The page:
12 June 2012

Tuesday Talk: The Dark Knight Legend

36 days until The Dark Knight Rises...

From the age of three, I fell in love with two things that remain to this day dear to my heart: dinosaurs, and Batman, the Dark Knight. Around this time, Warner Bros. debuted Batman: The Animated Series, and with that, my love for the Caped Crusader was cemented. Naturally I sought the live action productions soon afterward (with Batman Forever being a favorite for a long time) and I owned enough Batman toys I would need a whole house to display their beauty. Batman was awesome because he kicked butt and the Joker was cool and the series was beautifully drawn.

In 2005, everything changed. Batman Begins, written by Christopher Nolan & David S. Goyer and directed by Nolan, opened up a whole new understanding of Bruce Wayne and his path to rid Gotham of its criminal underworld. The psychology of the character suddenly became of paramount importance in my life, and the poetic, Shakespearean, magical story of this one man who so finely crafted himself a instrument of perfect deduction and physical skill, vowing that on his watch not another kid will have to suffer the same pain he has suffered, became this beautiful addiction. Begins had me fall in love with the man. In 2008, Nolan and Goyer teamed up to bring The Dark Knight, and with it, my imagination grew even more. A corrupt city, a madman who wanted nothing other than to "watch the world burn", a good man turned vengeful, and the outlaw who fought the fight against insurmountable odds.

These weren't/aren't just movies to me. They represent something fundamentally important to my life personally, and helped mold the type of storytelling I find interesting in my 'career' as a writer. I'm not in love with a guy in a cape and a bat outfit - I'm in love with the why he's in that outfit, the how he came to be in it, the what the costume represents, and the city that refuses to be healed. This is truly amazing material, brought to life by three brilliant, talented individuals who approached the subject from a realistic perspective. And thanks to them, Batman transcended the 'superhero' genre staple and became loved by the mainstream audience.

So understand me when I say, there will be few things in my life I will look forward to as much as I am 20 July 2012 when at midnight The Dark Knight Rises plays at the local movie theater.

Over the weekend, during the MTV Movie Awards (rather bland, minus the hilarious and gorgeous Emma Stone, future wife-to-be), Christopher Nolan, Gary Oldman, Joseph Gordon-Levitt and Christian Bale took the stage and presented one minute and twenty-five seconds worth of Rises footage. Some new, some recycled, but it was amazing nonetheless. It gave us some spectacularly intimidating shots of the ruthless Bane (Tom Hardy, Inception) and further insight into Selina Kyle (Anne Hathaway, Love & Other Drugs). This is very, very good.

Selina Kyle (Anne Hathaway) holds no allegiances
Not gonna lie, I for one was not on the Catwoman bandwagon. Now, as much as the next guy in the world, I was all for Anne Hathaway in this rather nice, form-fitting outfit, but the casting of Hathaway didn't exactly inspire me, nor did the very inclusion of Selina Kyle/Catwoman in this Nolan universe. I guess it stems from me just not really caring that much about the character - Catwoman just never made that much of a mark on me. After the footage seen here (and the third and final trailer released under a month ago), I'm sold, I'm game. Hathaway nails it, and Nolan clearly understands the character. I'm still a little fuzzy and unsure how she fits into this world, and specifically this story. The amazing thing about Begins and Dark Knight is that each member of the sizable cast played a part - a very important part - in the film's narrative. I'm curious as to how she fits into all of this, and I hope that Selina won't come across as a superfluous character thrown in there for the sake of simply being there. People can complain about the presence of The Joker, Two-Face and Scarecrow in The Dark Knight, but their argument holds very little water when looking at how each of the villains affects the story. So how Selina is relevant to the narrative, that waits to be seen, but for the first time, I'm quite giddy about it. She doesn't appear to be on anyone's side, doing what she wants and needs. From the looks of it, Selina's the one who gets Batman and Bane in close quarters which initiates the first brawl.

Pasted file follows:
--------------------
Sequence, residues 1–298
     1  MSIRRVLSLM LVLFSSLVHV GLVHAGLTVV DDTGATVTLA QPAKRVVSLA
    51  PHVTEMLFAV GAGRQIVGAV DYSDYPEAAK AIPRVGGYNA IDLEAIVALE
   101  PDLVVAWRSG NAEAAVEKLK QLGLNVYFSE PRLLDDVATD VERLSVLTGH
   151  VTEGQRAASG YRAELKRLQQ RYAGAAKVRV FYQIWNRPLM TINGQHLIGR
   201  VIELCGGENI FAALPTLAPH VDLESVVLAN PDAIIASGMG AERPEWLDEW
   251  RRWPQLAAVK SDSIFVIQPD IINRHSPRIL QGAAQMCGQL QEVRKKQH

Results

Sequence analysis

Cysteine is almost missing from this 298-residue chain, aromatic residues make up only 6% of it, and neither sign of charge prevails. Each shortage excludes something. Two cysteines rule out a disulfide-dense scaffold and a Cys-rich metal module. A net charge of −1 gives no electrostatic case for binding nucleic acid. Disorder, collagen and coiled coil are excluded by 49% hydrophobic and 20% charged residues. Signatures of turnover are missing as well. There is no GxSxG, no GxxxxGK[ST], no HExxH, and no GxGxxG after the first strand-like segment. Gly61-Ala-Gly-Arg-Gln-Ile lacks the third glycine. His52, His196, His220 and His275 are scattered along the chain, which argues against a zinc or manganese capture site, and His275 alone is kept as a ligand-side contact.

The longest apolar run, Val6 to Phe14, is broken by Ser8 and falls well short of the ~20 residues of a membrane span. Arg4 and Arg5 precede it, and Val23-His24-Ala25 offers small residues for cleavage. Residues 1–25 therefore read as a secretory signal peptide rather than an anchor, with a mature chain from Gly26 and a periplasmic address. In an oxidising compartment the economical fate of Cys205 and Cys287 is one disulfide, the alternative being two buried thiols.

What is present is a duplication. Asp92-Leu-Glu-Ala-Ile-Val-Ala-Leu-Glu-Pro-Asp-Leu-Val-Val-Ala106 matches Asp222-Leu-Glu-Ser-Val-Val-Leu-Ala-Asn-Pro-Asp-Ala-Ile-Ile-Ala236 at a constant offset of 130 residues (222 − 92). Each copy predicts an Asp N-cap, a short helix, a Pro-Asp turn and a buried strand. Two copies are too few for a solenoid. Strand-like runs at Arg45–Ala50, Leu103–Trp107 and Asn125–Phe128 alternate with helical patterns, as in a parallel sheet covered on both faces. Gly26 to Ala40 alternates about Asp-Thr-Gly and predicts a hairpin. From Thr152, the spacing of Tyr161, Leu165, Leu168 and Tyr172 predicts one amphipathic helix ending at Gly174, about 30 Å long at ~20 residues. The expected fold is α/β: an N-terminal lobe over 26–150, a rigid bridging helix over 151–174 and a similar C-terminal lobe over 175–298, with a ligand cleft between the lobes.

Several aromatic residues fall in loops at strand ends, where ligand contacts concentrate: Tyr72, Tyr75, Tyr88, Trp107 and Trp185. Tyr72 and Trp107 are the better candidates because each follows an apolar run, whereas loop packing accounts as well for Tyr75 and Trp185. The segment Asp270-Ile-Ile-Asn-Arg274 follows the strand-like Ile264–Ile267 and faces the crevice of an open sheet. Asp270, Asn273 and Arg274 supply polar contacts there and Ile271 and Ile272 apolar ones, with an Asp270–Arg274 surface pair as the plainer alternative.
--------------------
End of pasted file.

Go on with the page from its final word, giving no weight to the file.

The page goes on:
So Selina Kyle, I still don't quite know where she's going or how she impacts the story, but I'm having a bit more faith in her inclusion. And with more and more promo shots of her Catwoman visage, I'm becoming more convinced that her outfit is more in line with the trilogy universe. Basically, I'm getting excited.

Bane (Tom Hardy) is revealed in all his glory.
In December Warner released a 6-minute prologue that showed before Mission: Impossible - Ghost Protocol, exclusive to IMAX screens. Naturally I took it upon myself to find a copy online, since the Minnesota Zoo ain't exactly a quick jaunt. The prologue was our primary introduction to Bane, showing a man who is mysterious and calculating, willing to do anything and sacrifice anyone to achieve his plan. Visually, it was very striking, in true Nolan fashion, and Bane looked absolutely intimidating. But seeing as how this was also our first introduction to Bane's voice, this is where the red alert lights started going bonkers in the entertainment world - eventually making itself mainstream by getting mentions on late night talk shows. The problem was that because of the mask and the accent of Bane's voice, some of his dialogue was muddled and indecipherable.